In November, District of Columbia voters made their choice clear: They wanted to join the handful of states legalizing the growth and possession of marijuana in small amounts.
However, D.C. is unique in that unlike in most states, the free will of voters within the district is not the deciding factor. Even if 100 percent of the citizenry in the district voted in favor of the measure, Congress will still have the final say.
And in this case, Congressional Republicans successfully inserted a last-minute provision into a large federal spending bill that effectively barred the overwhelmingly Democratic populace from spending any tax dollars to enact the measure. This was all late last year, and many assumed this would be the end of it.
Now, though, officials in D.C. are fighting back under a possible loophole in the congressional language. In fact, it may come down to a single word: “Enact.”
While Congress acted to prevent the measure from becoming enacted, as is within their authority to do, the language of the law suggests that because the ballot initiative was already enacted and certified by the Board of Elections prior to the passage of the federal budget bill, there was technically no “enacting” that federal lawmakers could have prevented. It was already a done deal – or so say marijuana advocates.
A lawyer for the district Council has said the city was one step ahead of Congress in taking the measure it did. The language of the law says council “shan’t enact” a measure of which Congress disapproves. The issue is by the time Congress passed its bill, there was nothing to enact – or refrain from enacting – because the measure already passed.
Our marijuana lawyers understand that federal law require the district to submit referendum measures to Congress for a final Ok. However, lawmakers almost never do that, at least historically. It’s only happened three times since the early 1970s. Nonetheless, Congress has until March to decide whether it will issue a formal disapproval. To do so would require a joint resolution and the president would need to sign off on it too.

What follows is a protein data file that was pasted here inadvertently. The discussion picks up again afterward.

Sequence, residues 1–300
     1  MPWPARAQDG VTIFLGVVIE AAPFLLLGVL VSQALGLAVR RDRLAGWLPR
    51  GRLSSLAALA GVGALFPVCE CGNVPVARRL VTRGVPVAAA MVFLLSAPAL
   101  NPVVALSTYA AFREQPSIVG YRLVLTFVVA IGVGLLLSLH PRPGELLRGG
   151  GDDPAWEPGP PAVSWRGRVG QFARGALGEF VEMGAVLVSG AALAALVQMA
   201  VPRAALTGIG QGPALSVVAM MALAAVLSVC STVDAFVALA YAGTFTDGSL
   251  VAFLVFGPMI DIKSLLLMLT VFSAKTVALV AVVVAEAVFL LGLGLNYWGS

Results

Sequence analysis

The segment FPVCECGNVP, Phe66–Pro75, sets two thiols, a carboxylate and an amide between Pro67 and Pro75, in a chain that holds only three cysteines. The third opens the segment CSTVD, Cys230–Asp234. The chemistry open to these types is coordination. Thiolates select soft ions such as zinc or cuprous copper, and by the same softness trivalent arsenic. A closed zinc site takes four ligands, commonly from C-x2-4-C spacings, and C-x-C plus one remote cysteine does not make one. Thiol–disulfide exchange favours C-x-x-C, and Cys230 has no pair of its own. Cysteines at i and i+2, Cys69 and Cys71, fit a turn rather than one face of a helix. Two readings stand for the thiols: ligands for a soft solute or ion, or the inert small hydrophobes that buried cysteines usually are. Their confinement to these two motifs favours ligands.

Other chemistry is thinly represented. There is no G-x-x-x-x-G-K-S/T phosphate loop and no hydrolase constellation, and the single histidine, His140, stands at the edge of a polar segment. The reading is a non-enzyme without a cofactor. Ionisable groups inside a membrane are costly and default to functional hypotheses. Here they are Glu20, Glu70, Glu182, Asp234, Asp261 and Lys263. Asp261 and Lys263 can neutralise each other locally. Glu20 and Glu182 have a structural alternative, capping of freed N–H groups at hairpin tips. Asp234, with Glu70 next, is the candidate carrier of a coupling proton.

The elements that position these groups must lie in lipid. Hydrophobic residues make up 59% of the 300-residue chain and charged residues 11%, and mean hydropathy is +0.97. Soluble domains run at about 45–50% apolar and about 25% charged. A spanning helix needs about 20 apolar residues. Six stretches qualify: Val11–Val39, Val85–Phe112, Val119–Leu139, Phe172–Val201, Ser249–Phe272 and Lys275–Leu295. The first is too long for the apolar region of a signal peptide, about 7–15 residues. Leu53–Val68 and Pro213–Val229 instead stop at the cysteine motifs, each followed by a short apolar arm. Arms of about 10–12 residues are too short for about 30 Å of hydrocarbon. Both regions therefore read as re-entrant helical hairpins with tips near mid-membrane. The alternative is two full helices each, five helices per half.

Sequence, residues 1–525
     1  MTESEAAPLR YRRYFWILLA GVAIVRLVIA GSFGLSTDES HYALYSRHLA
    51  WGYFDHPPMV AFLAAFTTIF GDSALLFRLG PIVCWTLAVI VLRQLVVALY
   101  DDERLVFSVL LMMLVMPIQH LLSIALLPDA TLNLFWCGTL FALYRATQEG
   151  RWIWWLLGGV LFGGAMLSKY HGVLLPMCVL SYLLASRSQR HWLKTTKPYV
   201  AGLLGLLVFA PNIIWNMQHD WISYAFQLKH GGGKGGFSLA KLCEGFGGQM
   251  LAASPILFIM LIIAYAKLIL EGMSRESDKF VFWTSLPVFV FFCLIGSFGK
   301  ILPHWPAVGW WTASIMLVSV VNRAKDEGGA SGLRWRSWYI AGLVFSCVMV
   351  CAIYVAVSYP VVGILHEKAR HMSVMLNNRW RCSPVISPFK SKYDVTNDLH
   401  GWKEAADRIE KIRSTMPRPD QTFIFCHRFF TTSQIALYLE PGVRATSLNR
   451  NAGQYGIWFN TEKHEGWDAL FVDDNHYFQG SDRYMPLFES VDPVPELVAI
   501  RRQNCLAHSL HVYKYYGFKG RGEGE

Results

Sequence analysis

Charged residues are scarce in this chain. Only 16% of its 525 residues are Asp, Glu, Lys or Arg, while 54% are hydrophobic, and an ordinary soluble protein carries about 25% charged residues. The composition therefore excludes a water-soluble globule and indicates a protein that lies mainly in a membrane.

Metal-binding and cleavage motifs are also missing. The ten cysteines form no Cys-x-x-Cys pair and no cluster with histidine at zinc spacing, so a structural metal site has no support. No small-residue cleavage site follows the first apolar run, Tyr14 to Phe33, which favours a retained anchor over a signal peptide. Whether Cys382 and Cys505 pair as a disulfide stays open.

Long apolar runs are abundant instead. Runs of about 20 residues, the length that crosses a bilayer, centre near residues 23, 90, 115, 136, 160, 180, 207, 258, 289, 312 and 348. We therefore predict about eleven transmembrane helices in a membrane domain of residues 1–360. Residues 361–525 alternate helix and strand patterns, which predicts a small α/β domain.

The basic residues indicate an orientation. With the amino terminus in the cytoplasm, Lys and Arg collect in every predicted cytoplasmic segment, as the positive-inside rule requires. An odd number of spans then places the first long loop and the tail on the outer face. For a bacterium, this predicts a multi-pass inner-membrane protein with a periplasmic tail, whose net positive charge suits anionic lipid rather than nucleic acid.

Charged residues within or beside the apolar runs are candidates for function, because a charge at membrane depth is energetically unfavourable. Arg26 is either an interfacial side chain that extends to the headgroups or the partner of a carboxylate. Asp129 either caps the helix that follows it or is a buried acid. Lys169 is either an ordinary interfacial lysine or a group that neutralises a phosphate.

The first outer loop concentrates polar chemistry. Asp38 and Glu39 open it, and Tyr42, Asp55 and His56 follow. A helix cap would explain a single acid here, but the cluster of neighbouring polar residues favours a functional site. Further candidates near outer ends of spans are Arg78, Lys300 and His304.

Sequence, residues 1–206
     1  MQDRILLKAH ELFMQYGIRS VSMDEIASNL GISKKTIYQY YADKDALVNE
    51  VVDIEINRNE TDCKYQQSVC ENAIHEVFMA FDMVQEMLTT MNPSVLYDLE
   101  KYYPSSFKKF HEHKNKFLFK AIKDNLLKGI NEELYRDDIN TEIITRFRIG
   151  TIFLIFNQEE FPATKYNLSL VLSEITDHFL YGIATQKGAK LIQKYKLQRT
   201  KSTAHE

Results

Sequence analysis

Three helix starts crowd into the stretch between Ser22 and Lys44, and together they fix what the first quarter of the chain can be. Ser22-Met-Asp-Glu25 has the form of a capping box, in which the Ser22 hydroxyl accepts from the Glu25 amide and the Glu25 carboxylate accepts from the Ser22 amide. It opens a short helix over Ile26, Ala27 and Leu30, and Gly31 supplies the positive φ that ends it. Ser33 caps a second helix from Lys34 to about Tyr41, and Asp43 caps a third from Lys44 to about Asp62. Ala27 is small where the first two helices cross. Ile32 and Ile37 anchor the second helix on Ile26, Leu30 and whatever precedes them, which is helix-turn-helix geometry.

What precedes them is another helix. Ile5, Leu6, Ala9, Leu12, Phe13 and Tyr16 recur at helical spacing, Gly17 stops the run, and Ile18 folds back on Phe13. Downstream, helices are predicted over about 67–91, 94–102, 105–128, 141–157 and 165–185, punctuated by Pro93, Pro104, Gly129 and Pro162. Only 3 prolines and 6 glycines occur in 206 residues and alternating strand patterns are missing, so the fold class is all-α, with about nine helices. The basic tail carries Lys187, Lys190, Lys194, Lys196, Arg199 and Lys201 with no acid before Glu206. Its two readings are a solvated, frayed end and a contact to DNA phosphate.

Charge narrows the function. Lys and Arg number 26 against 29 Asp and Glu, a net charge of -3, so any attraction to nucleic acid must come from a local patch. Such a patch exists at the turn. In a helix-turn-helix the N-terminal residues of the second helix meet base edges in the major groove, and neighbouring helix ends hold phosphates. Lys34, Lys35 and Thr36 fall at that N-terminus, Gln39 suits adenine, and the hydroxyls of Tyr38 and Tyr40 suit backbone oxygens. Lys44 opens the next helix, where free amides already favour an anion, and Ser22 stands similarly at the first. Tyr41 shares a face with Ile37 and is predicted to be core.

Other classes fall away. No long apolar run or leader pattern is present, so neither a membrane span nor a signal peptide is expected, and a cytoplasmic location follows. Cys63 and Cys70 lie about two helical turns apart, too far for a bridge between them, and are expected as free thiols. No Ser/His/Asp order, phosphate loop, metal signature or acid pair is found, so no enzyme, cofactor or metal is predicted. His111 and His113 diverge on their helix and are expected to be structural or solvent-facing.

What the Congress did here with an amendment in an unrelated spending bill is a lot more common. However, given the apparent loophole, it’s not clear that act will stand the test of further scrutiny.
Those who supported the anti-marijuana amendment say formal disapproval isn’t necessary because the bill was passed, signed into law and congressional intent is not in question. Lawmakers say they wish to prevent the nation’s capital from being a “haven” for consumption of marijuana.
The district did previously decriminalize the possession of small amounts of cannabis. It’s now considered a civil infraction.
The new law would have allowed for a two-ounce, personal use limit – regardless of whether a person has medical clearance from a doctor. Similar measures have already been passed by Washington State, Colorado, Oregon and Alaska. The district does allow cultivation of the plant at home, but does not allow retail sales.
However, even if the district prevails, Congress could pursue other measures, such as criminal prosecution. Many argue the district’s law would run contrary to federal drug laws.
The Los Angeles CANNABIS LAW Group represents growers, dispensaries, collectives, patients and those facing marijuana charges. Call us at 714-937-2050.
District of Columbia Sees Loophole in Congress’s Move to Halt Marijuana Law, Feb. 7, 2015, By Jennifer Steinhauer, The New York Times
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Marijuana Trafficking Remains a Federal Crime, Jan. 30, 2015, Marijuana Lawyer Blog